The list of platforms that Readwise can import from is impressive — Kindle and Goodreads to Instapaper and Apple Books — and it only takes a few clicks to get a new connection set up. Podcast listeners can import highlights from Airr. If you’re not an ebook fan, you can even manually upload highlights from physical books or other physical sources that don’t have a digital copy.
You now have a library of all your highlights, which is the most important part.
If you want to take it one step further, you can then export all your highlights to your note-taking platform of choice — like Roam, Evernote or Obsidian. This is especially useful for people who are into Personal Knowledge Management. I wrote more about this here.
How I use it
Before getting into the features, I thought I’d give you a quick snapshot of my own setup.
As I said, there is a long list of sources that you can import highlights from, but I recommend prioritising a few to avoid getting overwhelmed.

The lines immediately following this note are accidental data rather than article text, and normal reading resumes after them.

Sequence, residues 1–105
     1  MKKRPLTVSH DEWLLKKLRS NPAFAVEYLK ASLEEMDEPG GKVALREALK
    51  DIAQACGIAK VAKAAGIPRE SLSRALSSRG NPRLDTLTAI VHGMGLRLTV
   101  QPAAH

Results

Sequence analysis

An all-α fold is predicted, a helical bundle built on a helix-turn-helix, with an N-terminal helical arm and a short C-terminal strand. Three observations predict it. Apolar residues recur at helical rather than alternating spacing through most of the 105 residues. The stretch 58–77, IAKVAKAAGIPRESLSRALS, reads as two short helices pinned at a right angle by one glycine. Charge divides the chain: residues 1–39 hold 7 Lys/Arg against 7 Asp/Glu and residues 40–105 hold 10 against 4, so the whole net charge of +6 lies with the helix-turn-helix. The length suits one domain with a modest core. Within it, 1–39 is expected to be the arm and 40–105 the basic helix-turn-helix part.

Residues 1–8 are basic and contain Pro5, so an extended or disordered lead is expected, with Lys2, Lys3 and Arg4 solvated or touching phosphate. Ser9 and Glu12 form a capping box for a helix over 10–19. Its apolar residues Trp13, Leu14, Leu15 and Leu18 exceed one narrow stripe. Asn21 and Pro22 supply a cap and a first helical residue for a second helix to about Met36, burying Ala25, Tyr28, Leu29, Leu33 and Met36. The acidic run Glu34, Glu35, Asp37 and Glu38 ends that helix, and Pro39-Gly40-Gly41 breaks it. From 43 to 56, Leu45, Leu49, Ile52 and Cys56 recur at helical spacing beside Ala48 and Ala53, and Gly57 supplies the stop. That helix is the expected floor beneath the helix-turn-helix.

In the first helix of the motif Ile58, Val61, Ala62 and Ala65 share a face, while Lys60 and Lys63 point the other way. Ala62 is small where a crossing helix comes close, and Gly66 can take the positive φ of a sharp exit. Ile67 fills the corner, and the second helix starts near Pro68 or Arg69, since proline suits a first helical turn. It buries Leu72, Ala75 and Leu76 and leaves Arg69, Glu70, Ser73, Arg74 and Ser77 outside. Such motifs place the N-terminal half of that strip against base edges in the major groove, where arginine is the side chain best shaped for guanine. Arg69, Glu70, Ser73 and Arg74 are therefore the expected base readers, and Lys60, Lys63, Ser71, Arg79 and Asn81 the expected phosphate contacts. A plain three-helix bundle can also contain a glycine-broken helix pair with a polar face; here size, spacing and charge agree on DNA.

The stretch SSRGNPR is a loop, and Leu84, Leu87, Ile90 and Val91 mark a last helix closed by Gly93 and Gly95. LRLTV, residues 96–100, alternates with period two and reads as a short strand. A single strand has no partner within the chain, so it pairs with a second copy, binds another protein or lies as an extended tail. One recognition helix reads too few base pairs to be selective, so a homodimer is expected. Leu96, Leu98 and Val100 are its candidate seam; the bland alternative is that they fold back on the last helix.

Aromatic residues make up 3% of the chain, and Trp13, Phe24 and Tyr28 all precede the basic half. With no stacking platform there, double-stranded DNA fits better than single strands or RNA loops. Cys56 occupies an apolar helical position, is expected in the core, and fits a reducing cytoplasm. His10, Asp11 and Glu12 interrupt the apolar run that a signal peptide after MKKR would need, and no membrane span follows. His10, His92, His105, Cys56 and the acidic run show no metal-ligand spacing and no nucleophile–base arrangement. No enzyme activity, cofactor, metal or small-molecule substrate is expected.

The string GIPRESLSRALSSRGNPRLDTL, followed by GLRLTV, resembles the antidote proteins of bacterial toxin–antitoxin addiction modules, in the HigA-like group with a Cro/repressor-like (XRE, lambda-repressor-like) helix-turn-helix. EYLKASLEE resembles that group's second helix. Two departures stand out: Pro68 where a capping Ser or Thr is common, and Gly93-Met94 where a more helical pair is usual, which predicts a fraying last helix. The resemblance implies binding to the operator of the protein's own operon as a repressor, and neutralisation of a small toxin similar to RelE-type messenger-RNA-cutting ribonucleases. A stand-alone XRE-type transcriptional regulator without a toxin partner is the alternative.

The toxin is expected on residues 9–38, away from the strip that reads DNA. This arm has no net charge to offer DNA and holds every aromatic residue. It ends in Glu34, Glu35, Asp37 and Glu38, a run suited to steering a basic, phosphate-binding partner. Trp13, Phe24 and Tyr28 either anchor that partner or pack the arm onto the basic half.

This is how I do it:
- Book highlights: Kindle → Readwise → Roam
- Online content highlights: Instapaper → Readwise → Roam
- Newsletters / Emails highlights: Email to Instapaper → Readwise → Roam
- My own notes, ideas, thoughts: Directly into Roam
The export to Roam happens automatically every day.
Then every few weeks, I go through the imported highlights. The intention is to engage with my notes as much as possible through tagging and notes design.
This means compressing the highlights, adding my own thoughts and takeaways, bolding, and removing anything repetitive/unnecessary. Just collecting and never looking at the notes again wouldn’t be useful, and the more you intentionally link your highlights together, the more valuable your system becomes.
My favourite features
Readwise has several interesting features, and how you use it will ultimately depend on your objectives.
I’ll go through the ones I find most valuable for my goals of repetition and engagement.
Dubbed as “your daily dose of wisdom”, The Daily Review is a selection of highlights from your database.